Some book titles have you at “Hello.” Here’s one that grabbed me: How to be a Christian without Being Religious. It’s in vogue to be ambiguously “spiritual.” I’m not suggesting vague spirituality here. The distinction I’m making has to do with the heart of faith–the core message of it.
Mere religion centers upon do’s and don’ts, should’s and shouldn’ts. Moralism. Religious people with a lot of pride tend to be moralistic. When shame drives them, they tend to judge. When pride drives them, they tend to be “better than you.” Each one looks to sacred writings primarily for advice to do better.
So, how does true faith affect us, if not our morals?
The character of scripture, which informs faith, is not advice for better behavior. The heart of its message brings news, which centers not on a code of conduct but upon how we relate to God. People accuse the Bible of being like the nightly news, where they say “Good evening” and then tell you why it isn’t. Yet, is the bad news really news? Can’t most people (when honest with themselves) recognize their selfishness?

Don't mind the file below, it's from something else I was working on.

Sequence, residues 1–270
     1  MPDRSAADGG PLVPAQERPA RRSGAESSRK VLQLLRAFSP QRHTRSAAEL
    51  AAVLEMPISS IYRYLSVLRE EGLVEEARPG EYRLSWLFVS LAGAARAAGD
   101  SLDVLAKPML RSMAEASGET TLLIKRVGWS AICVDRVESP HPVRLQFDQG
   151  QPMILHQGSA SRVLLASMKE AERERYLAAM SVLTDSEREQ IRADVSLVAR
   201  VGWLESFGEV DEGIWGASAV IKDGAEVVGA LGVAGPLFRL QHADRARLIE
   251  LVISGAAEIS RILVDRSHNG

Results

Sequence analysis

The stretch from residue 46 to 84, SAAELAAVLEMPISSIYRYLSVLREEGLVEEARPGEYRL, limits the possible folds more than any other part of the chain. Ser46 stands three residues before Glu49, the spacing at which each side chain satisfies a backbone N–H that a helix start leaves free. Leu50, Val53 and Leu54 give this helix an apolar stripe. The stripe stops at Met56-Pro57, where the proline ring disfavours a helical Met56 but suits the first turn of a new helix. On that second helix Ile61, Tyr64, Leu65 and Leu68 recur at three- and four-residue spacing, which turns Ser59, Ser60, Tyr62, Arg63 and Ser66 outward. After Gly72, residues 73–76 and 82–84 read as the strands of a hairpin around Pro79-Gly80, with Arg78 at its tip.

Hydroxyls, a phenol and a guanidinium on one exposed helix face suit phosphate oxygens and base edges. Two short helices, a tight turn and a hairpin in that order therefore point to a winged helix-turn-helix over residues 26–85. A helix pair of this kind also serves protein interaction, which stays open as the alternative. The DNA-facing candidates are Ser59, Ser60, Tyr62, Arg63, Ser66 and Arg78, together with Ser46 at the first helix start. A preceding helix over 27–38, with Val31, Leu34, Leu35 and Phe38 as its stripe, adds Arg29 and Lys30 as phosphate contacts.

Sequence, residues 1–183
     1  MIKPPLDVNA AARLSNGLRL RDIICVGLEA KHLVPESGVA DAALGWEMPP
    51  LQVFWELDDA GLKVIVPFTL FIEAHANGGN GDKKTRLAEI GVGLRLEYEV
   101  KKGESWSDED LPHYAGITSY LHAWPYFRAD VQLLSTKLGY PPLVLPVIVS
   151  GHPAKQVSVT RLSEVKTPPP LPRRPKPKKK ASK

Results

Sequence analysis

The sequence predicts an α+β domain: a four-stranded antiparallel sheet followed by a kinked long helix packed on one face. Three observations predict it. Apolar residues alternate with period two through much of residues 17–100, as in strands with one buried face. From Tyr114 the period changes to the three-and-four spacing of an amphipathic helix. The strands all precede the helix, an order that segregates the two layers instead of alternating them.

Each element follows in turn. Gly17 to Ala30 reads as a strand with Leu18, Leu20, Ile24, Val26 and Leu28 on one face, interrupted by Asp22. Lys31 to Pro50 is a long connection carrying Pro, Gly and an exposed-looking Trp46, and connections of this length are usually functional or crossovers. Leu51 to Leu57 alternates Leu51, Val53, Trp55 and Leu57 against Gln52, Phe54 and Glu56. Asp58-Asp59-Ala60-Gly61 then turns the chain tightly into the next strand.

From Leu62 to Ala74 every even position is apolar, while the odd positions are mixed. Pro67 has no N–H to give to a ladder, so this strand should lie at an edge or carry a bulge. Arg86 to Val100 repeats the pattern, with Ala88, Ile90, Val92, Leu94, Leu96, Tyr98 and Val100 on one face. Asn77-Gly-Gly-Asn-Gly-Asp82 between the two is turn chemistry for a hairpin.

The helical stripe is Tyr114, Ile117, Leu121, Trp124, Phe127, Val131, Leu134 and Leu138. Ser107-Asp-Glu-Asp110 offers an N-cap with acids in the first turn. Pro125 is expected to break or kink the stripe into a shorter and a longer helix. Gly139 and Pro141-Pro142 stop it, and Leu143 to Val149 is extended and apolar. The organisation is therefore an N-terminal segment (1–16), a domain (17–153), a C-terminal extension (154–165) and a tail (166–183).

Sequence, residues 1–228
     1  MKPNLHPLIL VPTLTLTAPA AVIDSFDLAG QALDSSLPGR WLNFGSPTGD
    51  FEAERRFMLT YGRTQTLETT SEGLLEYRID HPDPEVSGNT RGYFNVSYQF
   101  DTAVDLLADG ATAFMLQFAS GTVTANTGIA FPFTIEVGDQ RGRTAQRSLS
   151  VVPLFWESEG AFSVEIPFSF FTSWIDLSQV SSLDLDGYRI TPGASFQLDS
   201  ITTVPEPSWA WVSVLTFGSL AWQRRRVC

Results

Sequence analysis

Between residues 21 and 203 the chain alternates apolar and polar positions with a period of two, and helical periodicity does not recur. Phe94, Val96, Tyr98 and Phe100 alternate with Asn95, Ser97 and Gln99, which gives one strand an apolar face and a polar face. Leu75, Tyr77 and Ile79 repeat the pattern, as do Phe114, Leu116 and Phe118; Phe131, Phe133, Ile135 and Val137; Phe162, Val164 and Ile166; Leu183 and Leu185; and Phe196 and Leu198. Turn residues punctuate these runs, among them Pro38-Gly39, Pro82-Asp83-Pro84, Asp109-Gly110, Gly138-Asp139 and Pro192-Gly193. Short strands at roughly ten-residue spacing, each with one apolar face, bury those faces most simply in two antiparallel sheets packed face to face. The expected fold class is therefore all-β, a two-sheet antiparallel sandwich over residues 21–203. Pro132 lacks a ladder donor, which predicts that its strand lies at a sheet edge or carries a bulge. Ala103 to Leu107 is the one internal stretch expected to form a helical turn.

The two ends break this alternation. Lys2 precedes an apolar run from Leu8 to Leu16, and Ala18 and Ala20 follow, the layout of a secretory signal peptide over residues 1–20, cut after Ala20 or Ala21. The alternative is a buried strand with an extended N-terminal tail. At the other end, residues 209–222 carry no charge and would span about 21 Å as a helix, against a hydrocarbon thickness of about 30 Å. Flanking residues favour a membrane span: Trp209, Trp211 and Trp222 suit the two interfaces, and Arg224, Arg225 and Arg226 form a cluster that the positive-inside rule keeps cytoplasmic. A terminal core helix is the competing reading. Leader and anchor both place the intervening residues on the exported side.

The real news is this: God has built a bridge called grace. Grace means “unmerited favor.” Think about it. If the dividing line between good and evil runs through the human heart, then just trying harder can’t better our condition. Again, our driving motive must also be mended. Herein lies the unique quality of grace. Since grace can only be received as a gift, motives change as we respond rather than earn. When we get for free what we could never earn and do not deserve, gratitude becomes the only fitting response. Not pride. Not guilt.
None of us likes to be in someone’s debt. Grace kicks in when we realize we already are. That’s why C.S. Lewis put’s it this way: “There are two kinds of people in the world–those who say to God, Thy will be done, and those to whom God says, Alright then, have it your way.”